RISD grads and Airbnb cofounders Joe Gebbia 05 GD/ID and Brian Chesky 04 ID are among the honored guests joining the celebration at Commencement 2017.
Class of 2017 Set to Shape the Future
At RISD’s 2017 Commencement ceremony, keynote speaker Brian Chesky 04 ID urged 726 new graduates to go out into the world with confidence in what they’ve achieved—and conviction in what they are about to accomplish. Despite the “rather large problems” of these uncertain times, “you can design the world you want to live in,” the cofounder and CEO of Airbnb told the 488 bachelor’s degree and 238 master’s degree recipients.
In delivering the keynote address on Saturday, June 3 at the Rhode Island Convention Center, Chesky reflected on the day he graduated from RISD 13 years ago—when he stood before the crowd then as student speaker for the Class of 2004. “I had a lot of questions racing through my mind. ‘Would I find a job? And would I do anything significant with my life?’” Within four years he would go on to cofound an extraordinarily successful global business that is in many ways a model for success in the 21st century.
“At RISD I learned that when you have a problem, no matter how challenging… just take the first step,” Chesky affirmed. “Take enough of these steps and anything is possible,” said the entrepreneur who collaborated with fellow grad Joe Gebbia 05 GD/ID and a third business partner in establishing Airbnb as an innovative way to bring people around the world together through community-based travel experiences and allow them to become micro-entrepreneurs in their own right.
Both Chesky and Gebbia earned honorary degrees at Commencement, as did designer Christina Kim of dosa—which is committed to producing sustainable products—and accomplished painter Kehinde Wiley, whose nuanced portraits of people of color are on view at major museums around the world. Taken by the joyous atmosphere at the ceremony, Wiley offered a few impromptu words of encouragement to the graduating class. In art, he said, “sometimes when you nod toward things that are absent, the world smiles back. You all have that in front of you—and I look forward to seeing it.”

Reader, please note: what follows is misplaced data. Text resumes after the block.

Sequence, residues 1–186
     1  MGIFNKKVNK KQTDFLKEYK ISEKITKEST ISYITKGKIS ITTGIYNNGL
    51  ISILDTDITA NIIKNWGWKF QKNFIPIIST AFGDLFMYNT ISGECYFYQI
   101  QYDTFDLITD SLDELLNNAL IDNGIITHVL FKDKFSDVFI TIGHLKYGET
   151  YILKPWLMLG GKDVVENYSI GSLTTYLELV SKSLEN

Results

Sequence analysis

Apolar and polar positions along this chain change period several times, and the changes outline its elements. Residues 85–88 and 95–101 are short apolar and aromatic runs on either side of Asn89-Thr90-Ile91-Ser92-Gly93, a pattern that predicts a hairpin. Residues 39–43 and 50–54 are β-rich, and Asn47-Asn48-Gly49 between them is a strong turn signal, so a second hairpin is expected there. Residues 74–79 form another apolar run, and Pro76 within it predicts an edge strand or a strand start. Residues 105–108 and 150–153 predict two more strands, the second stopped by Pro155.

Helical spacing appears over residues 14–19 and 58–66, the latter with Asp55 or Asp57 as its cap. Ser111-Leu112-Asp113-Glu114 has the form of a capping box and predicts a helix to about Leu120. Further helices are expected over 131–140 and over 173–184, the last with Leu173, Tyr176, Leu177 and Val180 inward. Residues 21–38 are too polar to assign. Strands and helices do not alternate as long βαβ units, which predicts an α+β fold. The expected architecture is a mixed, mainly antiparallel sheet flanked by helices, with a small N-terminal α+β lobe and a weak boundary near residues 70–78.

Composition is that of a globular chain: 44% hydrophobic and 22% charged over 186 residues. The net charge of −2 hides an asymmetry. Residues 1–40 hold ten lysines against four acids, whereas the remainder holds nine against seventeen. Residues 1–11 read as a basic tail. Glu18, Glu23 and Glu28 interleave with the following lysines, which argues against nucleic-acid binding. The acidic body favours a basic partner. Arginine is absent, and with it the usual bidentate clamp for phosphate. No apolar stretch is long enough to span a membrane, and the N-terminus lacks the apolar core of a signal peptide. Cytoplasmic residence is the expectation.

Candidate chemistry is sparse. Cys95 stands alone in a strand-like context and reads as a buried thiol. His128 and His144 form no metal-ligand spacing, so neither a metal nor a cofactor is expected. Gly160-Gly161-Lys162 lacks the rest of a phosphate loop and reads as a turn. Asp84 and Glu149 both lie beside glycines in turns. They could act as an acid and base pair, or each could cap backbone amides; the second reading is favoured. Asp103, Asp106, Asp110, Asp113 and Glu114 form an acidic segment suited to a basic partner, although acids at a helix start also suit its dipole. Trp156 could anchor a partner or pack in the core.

“You have incredible power to influence now. Become the person that others admire.”
In her address, President Rosanne Somerson 76 ID asked graduates to seize the opportunity to “help others make sense of these tough times” through acts of creativity. “You have incredible ability and power to influence now,” she said. “Become the person that others admire.”
Other honorees included cartoonist Roz Chast 77 PT, who accepted the Alumni Award for Artistic Achievement in acknowledgment of an extraordinary body of ongoing work that includes brilliant cartoons for The New Yorker and her moving graphic memoir Can’t We Talk About Something More Pleasant?
Olivia Stephens 17 IL, co-president of the RISD student organization >Black Artists and Designers (BAAD), earned the Steven Mendelson Award for Community Service for her tireless work in helping to lead the call for equity on campus. Provost Pradeep Sharma saluted this year’s recipients of the John R. Frazier Award for Excellence in Teaching: Associate Professor of Painting Kevin Zucker 00 PT, who won the accolade for full-time faculty members, and Tom Roberts, a senior lecturer in History, Philosophy + the Social Sciences, who took the 2017 award for adjunct faculty members.
While senior class speaker Emily Moenning 17 TX asked her peers to look inward and “consider the things that made us” – and not just the things they made – during their years at RISD, graduate student speakers Atulya Chaganty MID 17 and Anina Major MFA 17 CR compared the role of artists and designers to Scheherazade, the fictional queen in the One Thousand and One Nights tale who staves off execution by capturing the king’s imagination. “Here at RISD,” said Major, “we’re all Scheherazade. We are captivating storytellers who use our stories to create empathy and understanding of different perspectives through art and design.”
“If you are doing some art thing that you love because you can’t not do it... please, please keep doing it.”
In summing up the reflective spirit of the day, Chast admitted to “mixed feelings” about her experience at RISD more than 40 years ago, when some wrote off her passion for cartooning as less than serious or worthy. “But even though no one seemed to care about my cartoons,” she recalled, “I still wanted to do them…. So I’m begging you,” she urged graduates, “if you are doing some art thing that you love… because you can’t not do it, please, please, keep doing it.”